Wednesday, April 19, 2017

Transplant update and synopsis

DGA—Synopsis; very late, but a quick review of events surrounding my transplant.
April 19, 2017
I am alive and, really, very well.
This is very late.  I had good intentions.  I bought a new laptop and took it to M. D. Anderson with me to try to keep up with events.  I never took it out of its case.  I’ve been chemobrained, immunosuppressed, febrile, vomiting, weakened, rashy, fluid overloaded and short of breath, and more.  But, nothing serious.  Really.  Here is a short synopsis of events.  More anecdotes will probably follow as I slowly improve.
1)      Left home in early February for MDA, to be admitted for a stem cell transplant.  Delayed yet again (sore throat) but ultimately admitted on March 1st for the procedure.
2)      Had six days of pretransplant “conditioning” chemotherapy; rituximab x1 day, bendamustine/fludarabine x 3 days, anti-thymocyte globulin (nasty stuff) x 2 days. The last caused high temps (102.9) with almost convulsive type rigors, nausea, vomiting, and weakness.
3)      March 7th, Grace’s (my donor) stem cells went in without drama. No fever, chills, shakes, rash…nothing.  Nothing but Grace.
4)      Next nine days, post-transplant chemotherapy.  Methotrexate, Rituxan, anti-rejection meds (tacrolimus), and a few other things.  I feel weak, but continue to walk around the ward daily as instructed by physical therapy and the nurses.  In fact, I get the idea to try to do a slow half-marathon while on the ward.  I succeed in completing 13.1 miles of laps around the ward on my day of discharge.  Do I get a medal?
5)      Day nine post-transplant.  Discharged to “home-ish,” our apartment near MDA.  Kinda early.  The schedule called for up to 21 days post-transplant hospitalization. Feeling tired but otherwise not too badly.
6)      Spend the next 40+ days returning to MDA daily for infusions of magnesium solutions (seems the anti-rejection drug, the tacrolimus, eats up magnesium and so frequent replenishment is required), anti-fungal drugs and fluids, to keep my kidneys functioning in the face of all the drugs I’m getting.  Taking about 35 pills a day.
7)      Day 28, post-transplant.  Had a bone marrow biopsy.  Results show “negative minimal residual disease.”  That’s basically “remission.”  No leukemia cells seen.  That’s amazing after just 4 weeks post-transplant.  Let me just stop here, just for a moment.  I have to be just a wee bit cautious in interpreting these results, because I have been in “complete remission” so many times, only to see the disease come back.  But, this could, and should, be the real thing.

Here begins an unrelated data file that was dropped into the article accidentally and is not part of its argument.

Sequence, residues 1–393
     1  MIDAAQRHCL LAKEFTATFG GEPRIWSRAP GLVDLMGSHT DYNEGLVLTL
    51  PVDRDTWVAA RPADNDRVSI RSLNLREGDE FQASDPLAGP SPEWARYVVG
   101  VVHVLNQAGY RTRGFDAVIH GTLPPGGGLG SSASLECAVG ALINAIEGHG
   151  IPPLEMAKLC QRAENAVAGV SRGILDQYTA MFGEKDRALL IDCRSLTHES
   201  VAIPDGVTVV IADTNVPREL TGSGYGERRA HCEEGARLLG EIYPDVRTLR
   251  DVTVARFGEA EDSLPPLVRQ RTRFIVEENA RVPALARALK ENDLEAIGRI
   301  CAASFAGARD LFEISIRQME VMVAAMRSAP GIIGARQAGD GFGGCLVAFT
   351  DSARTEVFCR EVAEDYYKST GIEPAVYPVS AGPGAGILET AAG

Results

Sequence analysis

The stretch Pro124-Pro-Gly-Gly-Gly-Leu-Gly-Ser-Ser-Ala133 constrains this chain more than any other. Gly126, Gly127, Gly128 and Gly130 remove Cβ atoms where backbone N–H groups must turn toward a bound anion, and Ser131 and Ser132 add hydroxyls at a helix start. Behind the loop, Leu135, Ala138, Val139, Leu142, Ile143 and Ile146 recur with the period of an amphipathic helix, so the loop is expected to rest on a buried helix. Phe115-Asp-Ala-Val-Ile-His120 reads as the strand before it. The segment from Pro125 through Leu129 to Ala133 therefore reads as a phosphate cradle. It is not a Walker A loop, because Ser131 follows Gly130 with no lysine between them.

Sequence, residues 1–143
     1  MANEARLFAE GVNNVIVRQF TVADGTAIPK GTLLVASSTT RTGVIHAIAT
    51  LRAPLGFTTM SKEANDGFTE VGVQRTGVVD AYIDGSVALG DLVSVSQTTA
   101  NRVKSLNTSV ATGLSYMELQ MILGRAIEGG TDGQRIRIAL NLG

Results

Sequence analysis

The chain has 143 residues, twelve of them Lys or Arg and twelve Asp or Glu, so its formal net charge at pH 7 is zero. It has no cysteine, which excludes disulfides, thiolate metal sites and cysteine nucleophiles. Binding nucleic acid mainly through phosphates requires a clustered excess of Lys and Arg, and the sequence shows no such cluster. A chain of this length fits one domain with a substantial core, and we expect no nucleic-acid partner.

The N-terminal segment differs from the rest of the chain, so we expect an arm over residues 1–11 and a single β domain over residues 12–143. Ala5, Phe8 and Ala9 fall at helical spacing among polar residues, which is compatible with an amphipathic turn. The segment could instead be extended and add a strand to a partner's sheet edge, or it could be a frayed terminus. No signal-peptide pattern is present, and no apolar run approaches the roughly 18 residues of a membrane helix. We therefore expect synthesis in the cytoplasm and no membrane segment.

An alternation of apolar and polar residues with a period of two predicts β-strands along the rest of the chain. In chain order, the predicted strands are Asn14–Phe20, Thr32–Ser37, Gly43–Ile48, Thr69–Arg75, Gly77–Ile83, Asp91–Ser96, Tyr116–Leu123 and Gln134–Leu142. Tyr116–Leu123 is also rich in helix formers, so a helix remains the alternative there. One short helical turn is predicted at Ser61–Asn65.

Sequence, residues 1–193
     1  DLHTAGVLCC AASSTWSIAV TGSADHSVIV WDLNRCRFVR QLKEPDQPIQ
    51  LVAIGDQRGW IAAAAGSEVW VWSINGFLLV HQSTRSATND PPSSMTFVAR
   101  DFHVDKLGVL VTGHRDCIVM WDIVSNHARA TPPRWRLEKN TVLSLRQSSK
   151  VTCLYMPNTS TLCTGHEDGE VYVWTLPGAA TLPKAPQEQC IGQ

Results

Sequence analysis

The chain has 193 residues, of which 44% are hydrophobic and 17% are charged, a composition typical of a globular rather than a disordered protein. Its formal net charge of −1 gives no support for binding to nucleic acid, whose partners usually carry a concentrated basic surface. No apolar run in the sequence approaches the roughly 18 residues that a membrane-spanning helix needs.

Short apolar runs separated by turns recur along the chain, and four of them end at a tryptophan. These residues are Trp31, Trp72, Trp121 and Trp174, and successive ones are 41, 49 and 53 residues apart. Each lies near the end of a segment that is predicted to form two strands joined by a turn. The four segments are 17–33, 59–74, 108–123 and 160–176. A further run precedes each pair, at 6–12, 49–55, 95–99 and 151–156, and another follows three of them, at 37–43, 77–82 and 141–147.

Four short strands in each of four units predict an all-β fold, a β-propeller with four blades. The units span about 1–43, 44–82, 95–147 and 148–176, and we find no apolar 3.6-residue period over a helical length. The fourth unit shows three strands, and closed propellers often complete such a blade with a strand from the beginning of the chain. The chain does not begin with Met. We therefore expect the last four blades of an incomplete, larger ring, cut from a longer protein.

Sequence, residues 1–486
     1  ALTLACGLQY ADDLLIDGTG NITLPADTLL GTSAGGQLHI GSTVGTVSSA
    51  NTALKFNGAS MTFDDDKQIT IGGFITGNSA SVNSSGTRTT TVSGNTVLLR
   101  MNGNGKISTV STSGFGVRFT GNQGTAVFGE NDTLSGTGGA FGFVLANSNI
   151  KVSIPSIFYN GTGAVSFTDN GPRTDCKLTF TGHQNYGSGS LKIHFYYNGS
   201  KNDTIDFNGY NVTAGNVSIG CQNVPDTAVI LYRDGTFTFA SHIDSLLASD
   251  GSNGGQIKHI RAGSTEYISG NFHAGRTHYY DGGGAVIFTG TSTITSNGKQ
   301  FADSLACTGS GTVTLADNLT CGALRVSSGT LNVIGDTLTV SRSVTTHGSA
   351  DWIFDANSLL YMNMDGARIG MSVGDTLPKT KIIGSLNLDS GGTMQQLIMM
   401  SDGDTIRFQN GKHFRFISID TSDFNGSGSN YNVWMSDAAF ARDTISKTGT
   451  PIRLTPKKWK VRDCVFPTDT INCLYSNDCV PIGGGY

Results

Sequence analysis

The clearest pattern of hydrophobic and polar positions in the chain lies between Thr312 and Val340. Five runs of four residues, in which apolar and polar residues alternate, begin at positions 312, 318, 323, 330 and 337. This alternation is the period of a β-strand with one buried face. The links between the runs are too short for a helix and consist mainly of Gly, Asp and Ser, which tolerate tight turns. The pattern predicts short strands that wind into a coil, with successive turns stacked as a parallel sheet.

8)      DNA testing on the marrow shows 92% of the blood forming cells in my marrow are already donor derived.  100% of my T-cells (part of the immune system) are already donor cells.  That’s great news.
9)      Fifth week, post-transplant.  GVHD!  (graft versus host disease, where the new stem cells attack me because I look “foreign" to them). I develop a rash on the nape of my neck and behind my ears.  It rapidly spreads all over my body, neck to ankles.  We’re treating it with full body steroid creams (triamcinolone cream) three times daily and big doses of oral steroids (160mgs/day) of prednisone.  Worst itching of my life.  Feels like 1000 chigger bites; can’t stand to have anything touching my skin.
10)  Rash subsides slowly over a week or so; continuing the steroids for now.  Gained 10-12 pounds in less than a week on all the steroids, blood pressure getting high.  Had to go out and buy bigger, "relaxed fit" pants that I could fit into.  Ravenously hungry on all the steroids.  But, muscles getting weak from the prednisone.
11)  Two weeks out from GVHD rash. Starting to taper steroids now.  Hopefully I’ll lose some weight and my blood pressure will subside.
12)  And that’s where I am right now.  I’m weak, but otherwise doing very well.  We’re just watching out for further signs of GVHD.  We’ll likely be here at MDA for another six to eight weeks and then transition back to our home base, if everything is still doing this well.
Sorry for the very long delay.
Dave
www.adventureswithleukemia.blogspot.com

Saturday, January 28, 2017

The Transplant; On, off and on again.

Dave’s Great Adventure
Book 7, Chapter 1, Verse 1


“Desperate times call for desperate measures”--Hippocrates

Hey, my donor has a name!  But more about that just a bit later okay?

First, my deep and sincere apologies to friends and family, as well as anyone else who may have been following my story.  I have been seriously remiss in updating things.  I last wrote that I was headed for a transplant and then, seemingly, disappeared.  It would be easy to think that I had succumbed to transplant complications.  The truth is more mundane.  Plans have been made, postponed, made again and revised yet again.  But…now we’re on!